After graduating from the University, I started my career in 1990 working in the trade finance department of a multinational bank in Turkey. In fact, I chose to have a bank career, but I came to the trade finance industry by accident and since then it is a passion of mine. I always believe that a career in the finance industry would be the most beneficial use of my knowledge and skills in relationship management and problem-solving. A trade finance role falls somewhere between a coverage-relationship management role and a very specialised product role. Therefore, you need to showcase aspects of client engagement as well as product knowledge. After 30 years of my career in trade finance, I am still enjoying what I do every day and I invite new graduates to join the club!

On International Women’s Day, what is the most important message you want to send out to young women thinking about their careers?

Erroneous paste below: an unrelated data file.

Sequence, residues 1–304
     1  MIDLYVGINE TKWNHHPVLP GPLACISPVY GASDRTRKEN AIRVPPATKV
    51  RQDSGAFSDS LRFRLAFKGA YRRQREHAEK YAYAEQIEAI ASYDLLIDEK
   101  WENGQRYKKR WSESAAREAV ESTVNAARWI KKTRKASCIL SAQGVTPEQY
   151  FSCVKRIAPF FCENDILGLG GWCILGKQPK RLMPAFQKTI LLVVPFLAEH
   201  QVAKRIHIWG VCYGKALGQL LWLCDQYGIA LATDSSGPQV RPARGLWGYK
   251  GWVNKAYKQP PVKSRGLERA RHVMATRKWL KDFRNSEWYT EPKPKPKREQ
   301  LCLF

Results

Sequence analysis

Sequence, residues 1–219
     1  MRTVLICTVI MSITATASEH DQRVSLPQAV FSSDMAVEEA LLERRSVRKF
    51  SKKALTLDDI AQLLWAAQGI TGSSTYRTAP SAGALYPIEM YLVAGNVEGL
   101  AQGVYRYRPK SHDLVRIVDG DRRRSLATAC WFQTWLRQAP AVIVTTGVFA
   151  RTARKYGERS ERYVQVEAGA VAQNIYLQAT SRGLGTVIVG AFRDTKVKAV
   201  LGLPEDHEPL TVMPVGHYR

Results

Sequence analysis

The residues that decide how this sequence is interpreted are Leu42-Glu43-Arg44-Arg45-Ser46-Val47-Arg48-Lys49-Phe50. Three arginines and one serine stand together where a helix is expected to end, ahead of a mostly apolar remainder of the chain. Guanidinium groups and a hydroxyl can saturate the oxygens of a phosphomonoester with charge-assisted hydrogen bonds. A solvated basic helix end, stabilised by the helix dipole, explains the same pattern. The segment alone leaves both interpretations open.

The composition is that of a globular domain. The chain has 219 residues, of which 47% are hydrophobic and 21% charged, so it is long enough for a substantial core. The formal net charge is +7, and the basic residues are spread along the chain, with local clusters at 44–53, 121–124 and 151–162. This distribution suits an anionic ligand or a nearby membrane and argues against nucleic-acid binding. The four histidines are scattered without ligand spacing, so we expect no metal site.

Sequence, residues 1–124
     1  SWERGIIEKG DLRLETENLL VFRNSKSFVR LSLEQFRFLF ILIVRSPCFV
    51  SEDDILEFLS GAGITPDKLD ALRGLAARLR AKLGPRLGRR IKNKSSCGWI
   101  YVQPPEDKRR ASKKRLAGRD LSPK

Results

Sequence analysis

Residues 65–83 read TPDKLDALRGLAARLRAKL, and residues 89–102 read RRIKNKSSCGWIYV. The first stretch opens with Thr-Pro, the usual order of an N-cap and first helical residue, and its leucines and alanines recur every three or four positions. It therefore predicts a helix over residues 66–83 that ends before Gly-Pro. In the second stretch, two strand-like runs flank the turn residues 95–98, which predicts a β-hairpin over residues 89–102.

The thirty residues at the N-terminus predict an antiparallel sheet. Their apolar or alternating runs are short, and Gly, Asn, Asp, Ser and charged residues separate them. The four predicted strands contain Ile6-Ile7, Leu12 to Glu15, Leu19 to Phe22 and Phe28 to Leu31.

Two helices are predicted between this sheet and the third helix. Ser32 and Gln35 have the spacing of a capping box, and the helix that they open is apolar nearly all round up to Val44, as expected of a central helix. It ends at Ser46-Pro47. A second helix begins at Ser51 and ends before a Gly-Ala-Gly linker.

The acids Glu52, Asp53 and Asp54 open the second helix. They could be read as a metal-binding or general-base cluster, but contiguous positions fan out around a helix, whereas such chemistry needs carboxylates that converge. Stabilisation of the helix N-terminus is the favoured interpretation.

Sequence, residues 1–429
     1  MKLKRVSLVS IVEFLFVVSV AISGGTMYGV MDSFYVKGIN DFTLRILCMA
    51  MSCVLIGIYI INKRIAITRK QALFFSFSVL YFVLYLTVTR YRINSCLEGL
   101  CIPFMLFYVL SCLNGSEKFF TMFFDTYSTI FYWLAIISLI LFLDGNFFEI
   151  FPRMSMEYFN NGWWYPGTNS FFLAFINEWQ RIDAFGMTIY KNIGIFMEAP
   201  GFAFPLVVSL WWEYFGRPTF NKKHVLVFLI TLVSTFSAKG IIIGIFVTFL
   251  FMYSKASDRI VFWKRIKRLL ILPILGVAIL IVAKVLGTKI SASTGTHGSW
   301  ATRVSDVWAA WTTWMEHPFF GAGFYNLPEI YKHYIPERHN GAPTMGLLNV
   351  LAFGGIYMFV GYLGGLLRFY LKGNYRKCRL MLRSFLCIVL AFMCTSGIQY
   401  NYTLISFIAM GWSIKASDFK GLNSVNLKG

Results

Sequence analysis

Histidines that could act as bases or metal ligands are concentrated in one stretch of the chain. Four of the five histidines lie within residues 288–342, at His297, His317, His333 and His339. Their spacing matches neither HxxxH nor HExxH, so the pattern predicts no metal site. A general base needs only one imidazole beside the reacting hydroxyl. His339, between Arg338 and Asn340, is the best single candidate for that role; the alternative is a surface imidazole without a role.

Despite the best efforts of industry bodies to attract the next generation of trade finance professionals, more work needs to be done to increase the proportion and visibility of young talent in the business.The lack of awareness in this sector within the university sphere resulted in graduates not considering trade finance as a career option. Today’s world of trade finance has evolved greatly and offers tremendous career opportunities for graduates. New technology is completely changing the way trade is conducted today. The customers using these solutions are ranging from the smallest enterprises to the largest institutions. The solutions vary from bilateral facilities provided to customers, to syndicated trade facilities and collateralised debt obligations.

Trade Finance is generally big enough in its own to offer good career growth prospects. It is entirely possible to move in and out of various corporate banking roles, but if you really are a specialist in your field, you would be better served by sticking to what you know.